New Technology Prevents Distracted Driving

By now, most are aware of the dangers of distracted driving. It recently surpassed drunk driving as the number one cause of road accident fatalities, causing 81 deaths in 2012 compared to 55 drinking driving deaths in 2013. Last year, police issued 51,000 tickets for distracted driving offences – many of which involved texting or emailing while driving.

The focus on distracted driving has boosted demand for innovative technologies designed to prevent cell phone use by drivers.

Cellcontrol of Louisiana is one of a growing number of tech companies with products designed to eliminate distracted driving. Cellcontrol offers a smartphone-disabling technology that either plugs into a car’s diagnostic computer or attaches to the windshield in the form of a small black transponder. It senses when a vehicle is in motion and disables the driver’s phone according to preset conditions. So parents can disable their teen’s phone when the car is in motion while ensuring that calls to 911 can be made in the event of an emergency.

Cellcontrol claims its products are “the only accurate, reliable and enforceable distracted driving solution available.” It costs $119 to $129 USD and is compatible with iPhones, Androids, and Blackberry. A no-brainer for parents of young drivers.

Cellcontrol also has a product for businesses that rely on employees who take to the road. Their enterprise-wide system allows employers to set their own mobile device policies and limit cell phone use in work vehicles. It’s a smart way for employers to keep their drivers safe while protecting themselves from potential legal consequences stemming from a distracted driving accident.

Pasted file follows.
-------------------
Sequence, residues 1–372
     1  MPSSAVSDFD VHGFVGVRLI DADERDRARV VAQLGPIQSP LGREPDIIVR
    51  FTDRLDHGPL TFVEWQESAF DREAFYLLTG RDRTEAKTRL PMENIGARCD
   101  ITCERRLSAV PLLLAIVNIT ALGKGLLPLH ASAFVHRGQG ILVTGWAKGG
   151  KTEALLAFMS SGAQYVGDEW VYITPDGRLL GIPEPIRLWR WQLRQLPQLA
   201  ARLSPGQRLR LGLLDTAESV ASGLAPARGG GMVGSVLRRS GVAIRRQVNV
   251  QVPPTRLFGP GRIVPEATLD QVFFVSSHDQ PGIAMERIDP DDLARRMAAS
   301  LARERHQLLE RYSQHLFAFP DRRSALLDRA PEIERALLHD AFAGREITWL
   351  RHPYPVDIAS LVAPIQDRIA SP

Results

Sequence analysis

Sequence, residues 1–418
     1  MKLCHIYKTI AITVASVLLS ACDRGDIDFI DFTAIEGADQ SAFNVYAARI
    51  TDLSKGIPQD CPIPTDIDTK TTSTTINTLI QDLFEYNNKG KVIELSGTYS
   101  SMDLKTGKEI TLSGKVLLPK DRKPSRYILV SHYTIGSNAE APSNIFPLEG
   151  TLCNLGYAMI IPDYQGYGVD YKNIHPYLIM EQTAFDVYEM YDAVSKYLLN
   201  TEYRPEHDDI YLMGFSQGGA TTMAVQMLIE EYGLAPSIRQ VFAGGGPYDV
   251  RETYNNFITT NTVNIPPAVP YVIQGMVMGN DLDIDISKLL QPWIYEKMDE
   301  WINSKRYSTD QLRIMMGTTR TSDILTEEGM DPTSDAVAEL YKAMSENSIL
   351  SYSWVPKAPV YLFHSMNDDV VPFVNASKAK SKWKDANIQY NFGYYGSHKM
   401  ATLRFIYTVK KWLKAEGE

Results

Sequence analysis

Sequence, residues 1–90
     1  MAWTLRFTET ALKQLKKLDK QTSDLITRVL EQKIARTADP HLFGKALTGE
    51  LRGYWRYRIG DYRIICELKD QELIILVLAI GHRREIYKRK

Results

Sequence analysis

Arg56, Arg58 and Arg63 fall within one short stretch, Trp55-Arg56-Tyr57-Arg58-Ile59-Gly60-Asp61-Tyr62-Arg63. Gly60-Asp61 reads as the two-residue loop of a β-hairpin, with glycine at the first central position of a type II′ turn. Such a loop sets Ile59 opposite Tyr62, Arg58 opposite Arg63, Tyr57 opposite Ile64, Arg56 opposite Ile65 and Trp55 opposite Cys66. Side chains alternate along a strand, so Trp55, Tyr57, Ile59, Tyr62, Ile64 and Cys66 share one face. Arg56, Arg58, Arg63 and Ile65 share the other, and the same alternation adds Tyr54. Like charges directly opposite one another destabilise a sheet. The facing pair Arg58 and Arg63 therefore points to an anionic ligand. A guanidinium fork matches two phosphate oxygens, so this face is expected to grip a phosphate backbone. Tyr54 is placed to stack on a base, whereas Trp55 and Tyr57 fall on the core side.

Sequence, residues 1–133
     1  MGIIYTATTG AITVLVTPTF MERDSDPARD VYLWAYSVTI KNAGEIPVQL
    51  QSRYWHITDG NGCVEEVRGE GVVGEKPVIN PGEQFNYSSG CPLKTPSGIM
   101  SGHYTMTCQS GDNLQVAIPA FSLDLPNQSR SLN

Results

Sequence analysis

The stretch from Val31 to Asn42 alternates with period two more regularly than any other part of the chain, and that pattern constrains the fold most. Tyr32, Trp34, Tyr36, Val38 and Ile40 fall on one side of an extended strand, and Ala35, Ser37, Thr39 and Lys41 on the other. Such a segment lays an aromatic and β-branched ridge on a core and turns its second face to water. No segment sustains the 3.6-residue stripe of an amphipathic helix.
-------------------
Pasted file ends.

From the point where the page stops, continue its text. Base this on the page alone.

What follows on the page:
There are other ways to help reduce distracted driving on our roads. USA Today lists a number of apps to help keep our roads safe:

  • TXtBlocker allows parents to limit where and when texts can be sent and received. It also allows them to track the phone’s location on the internet.
  • TeenSafer is software for smartphones and tablets that detects when the vehicle is in motion and automatically puts the device in “safe mode” while driving. “Safe mode” blocks access to the keyboard and screen and silences all notifications and alerts, including incoming calls, texts and emails.
  • SafeCellapp automatically disables calls, emails, and messaging functions on smartphones.
  • The Vehawk app tracks driver cell phone usage during a trip and sends notifications to the account holder (most likely a parent) when a text while driving has been detected. Parents can also access detailed route maps, text messages, and calls that were made during a trip, and track dangerous driving behaviour like speeding.

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Tony Vecchio, K.C.
Anthony (Tony) Vecchio, K.C., founded Slater Vecchio in January 1998. He has been counsel on some of the largest cases in British Columbia.